immediately had she done so. Indeed, as the non-appropriated
funding was gone, the term positions were the only option
available for continued employment. All 12 NAFIs, regardless
of age or gender, were offered and accepted the same two
year, term positions.
testified that she was told by some unspecified person or
persons that the term positions were just a formality.
Between the commencement of the term position in 2009 and
December 2010, Angioletti claims that "they kept
assuring us our jobs would be posted. It was just a
formality, don't worry, you will not lose your job."
Trial Transcript ("Tr.") 33:15-17. She claims that
she repeatedly asked her supervisor, Captain Eric
Wallischeck, to post her job and to find out what was going
on. Tr. 36:14-16 ("every chance I get whenever I would
bring my time sheet in to be signed by Captain Wallischeck I
would ask what was going on."). Captain Wallischeck also
testified that Angioletti would inquire about the conversion
process as she was concerned for her job. Neither Angioletti
nor Wallischeck testified, however, that Angioletti raised
any concern or belief that her age as an issue in the
December 2010, a meeting was held with the remaining NAFI
employees working under the two-year term agreements. At that
time, they were given information about their separation from
employment to occur in February 2011. Angioletti was not
fired; her employment ended when her two year term expired on
February 14, 2011. After her employment ended, plaintiff
filed a complaint with the Maritime Administration
("MARAD") in Washington, D.C. There is no evidence
that Angioletti made a formal or informal complaint of
discrimination prior to that time.B. Filling of the Chapel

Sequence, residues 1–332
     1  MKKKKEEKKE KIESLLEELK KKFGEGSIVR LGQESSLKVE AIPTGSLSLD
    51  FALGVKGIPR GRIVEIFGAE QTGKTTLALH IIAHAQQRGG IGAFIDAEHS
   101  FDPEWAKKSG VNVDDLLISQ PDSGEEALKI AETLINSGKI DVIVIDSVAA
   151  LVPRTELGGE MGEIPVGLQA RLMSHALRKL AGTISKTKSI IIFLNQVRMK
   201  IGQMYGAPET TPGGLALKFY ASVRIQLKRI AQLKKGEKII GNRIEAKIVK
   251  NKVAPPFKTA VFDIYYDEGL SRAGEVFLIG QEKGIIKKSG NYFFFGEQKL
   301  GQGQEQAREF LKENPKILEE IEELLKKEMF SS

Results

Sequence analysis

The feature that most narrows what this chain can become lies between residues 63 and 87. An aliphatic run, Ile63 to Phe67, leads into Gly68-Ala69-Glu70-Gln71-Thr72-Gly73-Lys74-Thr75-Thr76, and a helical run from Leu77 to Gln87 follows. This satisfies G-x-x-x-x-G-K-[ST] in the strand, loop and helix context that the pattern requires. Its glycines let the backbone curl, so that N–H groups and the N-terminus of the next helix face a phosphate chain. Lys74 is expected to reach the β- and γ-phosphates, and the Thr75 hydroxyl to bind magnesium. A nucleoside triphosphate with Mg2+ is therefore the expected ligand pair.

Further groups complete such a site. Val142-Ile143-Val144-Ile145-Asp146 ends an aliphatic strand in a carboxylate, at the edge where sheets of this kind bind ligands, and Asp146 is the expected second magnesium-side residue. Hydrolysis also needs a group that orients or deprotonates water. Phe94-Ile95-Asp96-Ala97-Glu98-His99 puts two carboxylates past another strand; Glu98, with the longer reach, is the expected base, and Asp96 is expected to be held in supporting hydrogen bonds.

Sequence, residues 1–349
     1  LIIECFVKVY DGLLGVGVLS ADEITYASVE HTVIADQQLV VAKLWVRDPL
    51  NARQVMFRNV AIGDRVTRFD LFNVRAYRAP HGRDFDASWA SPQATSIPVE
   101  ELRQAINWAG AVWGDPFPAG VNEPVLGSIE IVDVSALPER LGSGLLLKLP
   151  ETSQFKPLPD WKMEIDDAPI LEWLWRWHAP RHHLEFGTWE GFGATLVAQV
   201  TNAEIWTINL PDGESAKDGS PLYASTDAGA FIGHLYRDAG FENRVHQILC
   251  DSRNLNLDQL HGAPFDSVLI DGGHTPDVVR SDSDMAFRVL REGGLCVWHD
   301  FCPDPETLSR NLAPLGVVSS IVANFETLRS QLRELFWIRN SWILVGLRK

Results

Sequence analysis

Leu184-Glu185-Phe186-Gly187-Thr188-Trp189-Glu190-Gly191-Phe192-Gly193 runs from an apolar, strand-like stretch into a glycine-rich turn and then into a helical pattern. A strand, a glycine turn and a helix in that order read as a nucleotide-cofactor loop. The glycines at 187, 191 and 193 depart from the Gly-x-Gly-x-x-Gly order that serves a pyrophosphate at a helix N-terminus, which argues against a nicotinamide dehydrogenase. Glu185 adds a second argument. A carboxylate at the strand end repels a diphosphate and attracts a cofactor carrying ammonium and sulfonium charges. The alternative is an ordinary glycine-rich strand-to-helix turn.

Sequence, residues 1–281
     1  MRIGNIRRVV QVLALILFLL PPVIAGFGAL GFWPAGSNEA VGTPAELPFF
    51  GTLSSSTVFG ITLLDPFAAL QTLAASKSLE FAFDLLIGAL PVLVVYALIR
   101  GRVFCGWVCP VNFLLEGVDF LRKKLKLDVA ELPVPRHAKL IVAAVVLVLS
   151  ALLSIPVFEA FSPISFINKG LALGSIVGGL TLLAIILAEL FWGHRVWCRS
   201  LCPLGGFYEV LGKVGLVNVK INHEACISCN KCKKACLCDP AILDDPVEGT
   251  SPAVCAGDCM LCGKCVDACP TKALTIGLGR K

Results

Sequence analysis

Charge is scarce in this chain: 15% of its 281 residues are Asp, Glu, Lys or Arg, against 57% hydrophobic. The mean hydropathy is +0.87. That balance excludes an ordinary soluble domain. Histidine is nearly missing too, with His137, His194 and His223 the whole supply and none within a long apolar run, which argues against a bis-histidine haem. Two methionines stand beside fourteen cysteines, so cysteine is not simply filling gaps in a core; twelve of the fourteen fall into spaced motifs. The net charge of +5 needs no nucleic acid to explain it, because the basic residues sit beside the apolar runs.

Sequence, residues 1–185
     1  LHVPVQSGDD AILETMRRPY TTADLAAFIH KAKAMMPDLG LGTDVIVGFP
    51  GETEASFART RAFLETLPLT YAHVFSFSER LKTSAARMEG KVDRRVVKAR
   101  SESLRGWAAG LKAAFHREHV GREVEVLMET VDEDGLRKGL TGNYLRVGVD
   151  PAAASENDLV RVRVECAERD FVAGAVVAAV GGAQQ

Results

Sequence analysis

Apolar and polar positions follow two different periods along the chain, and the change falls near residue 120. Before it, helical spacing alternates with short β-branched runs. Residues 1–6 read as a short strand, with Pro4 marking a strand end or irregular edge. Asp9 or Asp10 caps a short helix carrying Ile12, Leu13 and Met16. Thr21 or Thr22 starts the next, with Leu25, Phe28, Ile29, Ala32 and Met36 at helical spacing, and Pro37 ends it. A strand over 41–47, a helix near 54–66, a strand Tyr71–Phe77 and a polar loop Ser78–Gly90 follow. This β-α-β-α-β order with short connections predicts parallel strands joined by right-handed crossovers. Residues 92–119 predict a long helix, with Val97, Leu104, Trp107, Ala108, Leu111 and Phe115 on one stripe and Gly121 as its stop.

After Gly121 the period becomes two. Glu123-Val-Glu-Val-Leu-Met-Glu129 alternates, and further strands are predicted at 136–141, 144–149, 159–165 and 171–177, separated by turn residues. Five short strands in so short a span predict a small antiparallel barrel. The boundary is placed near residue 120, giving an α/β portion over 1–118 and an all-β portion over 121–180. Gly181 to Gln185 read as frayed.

Manager Position The Department of Transportation is the
cabinet level agency that oversees a number of agencies,
including the Federal Highway Administration
("FHA") and MARAD. The Academy operates within
MARAD. Human Resources for the FHA acted as the executive
agent for the Department of Transportation and was
responsible for the posting of the positions to be filled at
the Academy. Using the job listings provided by the Academy,
FHA posted the positions, including the chapel manager
position, on the USAJOBS website.
chapel manager position was posted on the website on February
8, 2011, with a closing date of February 15, 2011. Angioletti
applied for the job through the USAJOBS government website.
She was not interviewed and claims that she was not rehired
because "[t]hey weren't hiring old broads." Tr.
reviewed the applicants for the chapel manager position.
There were 192 applicants for the job. The position was
subject to a veterans' preference such that qualified
veterans would be hired before qualified non-veterans. Of the
applicants, approximately 18 were veterans, and 10 of those
were deemed qualified for the position. By operation of law,
as there were two or more qualified veterans, only veterans
would be referred for consideration and a non-veteran, such
as plaintiff, could not be considered.
compiled a hiring list or "Certificate of
Eligibles" for the chapel manager position that
contained the names of the 10 qualified veterans and
forwarded it to the Academy. Angioletti was not on the hiring
list. Academy personnel had no role in the compilation of the
list, nor could the list be changed by the Academy. Of the 10
qualified veterans, seven were men and three were women. The
hiring list and supporting documentation were ...